5. I'm not at home. I recall that the speakers connect through crimp terminals on the rear of the amp. The kind of filter depends on your cabinet design, the speakers you have, the size and shape of the room where you will place the machine, the location within the room where you will place the machine. The type of flooring you have: carpet, hardwood, concrete, etc. What I selected for myself based on measurements may not be appropriate for your situation. All this considering your personal motivation to do this sort of room correction versus the application. After all, it's only pinball! If you are mostly playing 80's and 90's recreations, the sound samples from that era are not what we might call from the vantage point of the year 2014, high quality. If you are wanting to have the cabinet also act as a jukebox then it may be worth the effort. The process is not hard though. Get a handheld SPL meter. If you don't have one you may be able to use an app for a smartphone. Not very accurate but the price is right and hopefully better than nothing. If the control is available set to C Weighting and Slow response. Db range to whatever is closest to 70 to 80. Disconnect the subwoofer from the amp or set the sub volume all the way down. We are just using the main speakers. We want to find the floor for your main speakers where they begin to fail to reproduce low frequency output. That point is where the subwoofer should pick up. You will need some test tones: http://www.wavtones.com/functiongenerator.php Allows you to download short duration test files for free. You will need Pink noise. And then you will need a set of Sine waveform test tones in increments 10Hz starting from, say, 50Hz to 250Hz. Select duration of 5sec for all sounds. That's the max you can do for no cost. Set treble and bass to 0 on the amp. In Windows toggle off any Eq effects if they are on. Playback the pink noise. Adjust the Windows volume until the reading on your SPL meter is around 75db. Now, playback the sine wave tones starting at 250Hz and moving down in increments of 10Hz. The floor for your main speakers are where the sound levels start reading in the 60s and getting quieter as you playback sounds at lower frequencies. This is where the subwoofer should be coming in to fill out low frequency playback. And you don't need the subwoofer to playback higher frequencies that are already reproduced by the main speakers. This is the frequency where you crossover and where you would place a low pass filter. For me, that was 120Hz. I simply found a cheap one on EBay.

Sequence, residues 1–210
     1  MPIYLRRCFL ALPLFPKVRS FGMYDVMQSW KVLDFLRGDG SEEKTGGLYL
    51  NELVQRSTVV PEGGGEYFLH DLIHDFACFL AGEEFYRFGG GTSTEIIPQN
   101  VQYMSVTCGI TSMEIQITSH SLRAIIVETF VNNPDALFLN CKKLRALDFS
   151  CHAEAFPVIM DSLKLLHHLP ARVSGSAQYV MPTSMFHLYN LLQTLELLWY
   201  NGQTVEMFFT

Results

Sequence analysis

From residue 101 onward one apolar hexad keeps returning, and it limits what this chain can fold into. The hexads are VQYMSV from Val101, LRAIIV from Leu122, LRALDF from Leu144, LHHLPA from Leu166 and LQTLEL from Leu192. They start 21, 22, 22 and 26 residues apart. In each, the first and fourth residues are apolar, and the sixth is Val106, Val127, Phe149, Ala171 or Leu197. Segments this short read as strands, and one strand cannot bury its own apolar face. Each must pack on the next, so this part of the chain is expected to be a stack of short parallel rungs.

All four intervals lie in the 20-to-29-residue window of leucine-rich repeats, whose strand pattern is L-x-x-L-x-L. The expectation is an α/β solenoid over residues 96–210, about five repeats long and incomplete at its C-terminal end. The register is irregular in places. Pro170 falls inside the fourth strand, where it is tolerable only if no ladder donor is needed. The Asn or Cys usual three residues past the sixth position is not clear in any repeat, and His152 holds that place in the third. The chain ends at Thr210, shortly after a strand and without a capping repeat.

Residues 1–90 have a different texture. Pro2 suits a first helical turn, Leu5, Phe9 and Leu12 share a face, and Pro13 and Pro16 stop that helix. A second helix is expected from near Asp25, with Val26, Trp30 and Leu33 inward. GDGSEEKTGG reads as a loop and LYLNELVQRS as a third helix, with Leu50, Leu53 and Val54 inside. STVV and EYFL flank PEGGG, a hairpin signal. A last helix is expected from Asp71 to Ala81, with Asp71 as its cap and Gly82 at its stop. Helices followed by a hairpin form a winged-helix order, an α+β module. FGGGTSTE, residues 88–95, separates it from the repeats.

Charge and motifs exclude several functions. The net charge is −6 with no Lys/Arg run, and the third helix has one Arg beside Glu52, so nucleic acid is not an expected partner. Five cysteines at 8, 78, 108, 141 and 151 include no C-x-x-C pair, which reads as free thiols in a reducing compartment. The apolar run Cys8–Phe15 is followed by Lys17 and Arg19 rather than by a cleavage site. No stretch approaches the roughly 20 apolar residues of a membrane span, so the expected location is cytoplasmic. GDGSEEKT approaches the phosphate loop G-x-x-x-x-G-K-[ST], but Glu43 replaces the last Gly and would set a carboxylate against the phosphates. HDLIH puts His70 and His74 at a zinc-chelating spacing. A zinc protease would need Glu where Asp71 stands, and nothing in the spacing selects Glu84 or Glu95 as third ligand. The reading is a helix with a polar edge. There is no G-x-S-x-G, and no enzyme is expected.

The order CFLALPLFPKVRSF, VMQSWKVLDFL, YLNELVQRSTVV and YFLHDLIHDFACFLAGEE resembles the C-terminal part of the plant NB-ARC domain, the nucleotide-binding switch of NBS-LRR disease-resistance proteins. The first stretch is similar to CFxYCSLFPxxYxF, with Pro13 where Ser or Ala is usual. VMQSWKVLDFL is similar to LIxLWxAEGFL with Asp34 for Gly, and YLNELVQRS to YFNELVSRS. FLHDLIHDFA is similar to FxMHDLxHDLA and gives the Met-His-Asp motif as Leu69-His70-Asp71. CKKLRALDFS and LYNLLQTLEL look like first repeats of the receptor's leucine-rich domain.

6. Hmm. Guess that's why that Lepai is popular. Still, if that's not an option. You can also look at another configuration, a plate amplifier that can be mounted on the side of the cabinet. http://www.parts-express.com/dayton-audio-mca2250e-21-channel-class-d-plate-amplifier--300-771
  7. Search on Amazon for home audio component amplifiers. There are other brands of mini-amps.
  8. A headphone amp powered by USB will not have enough power to drive car speakers and a sub. An amp sold for a home A/V system would plug into the mains and likely drive the speakers. Like a stereo receiver/tuner. The chassis would be much larger than the Lepai. New equipment would cost £ vs. a cheap Chinese mini-amp. Another option might be a speaker system sold for PC's. There may still be some systems configured with a separate control unit with DSP and amp. It would be powered off of the mains and it may or may not have the juice to drive car speakers. I don't know how many of these systems are still configured like this. I have one I was considering using as a secondary system in my cabinet as it has a small footprint like the Lepai, but this was manufactured in the 1990s. I think most systems today just have powered desktop speakers. Again this would draw power from your mains. You would pull out the car speakers and figure out how to mount the desktop speakers, maybe building a little shelf. I think the price for a decent PC 2.1 system would be comparable to a Lepai plus car speakers. It would work best if you had a sound card or other expansion card that had a jack for an LFE, low frequency effects, channel. Or if your motherboard had integrated support for 5.1 sound signal output. Don't know which, if any, motherboards have that. Mine does not. Sent from my iPad using Tapatalk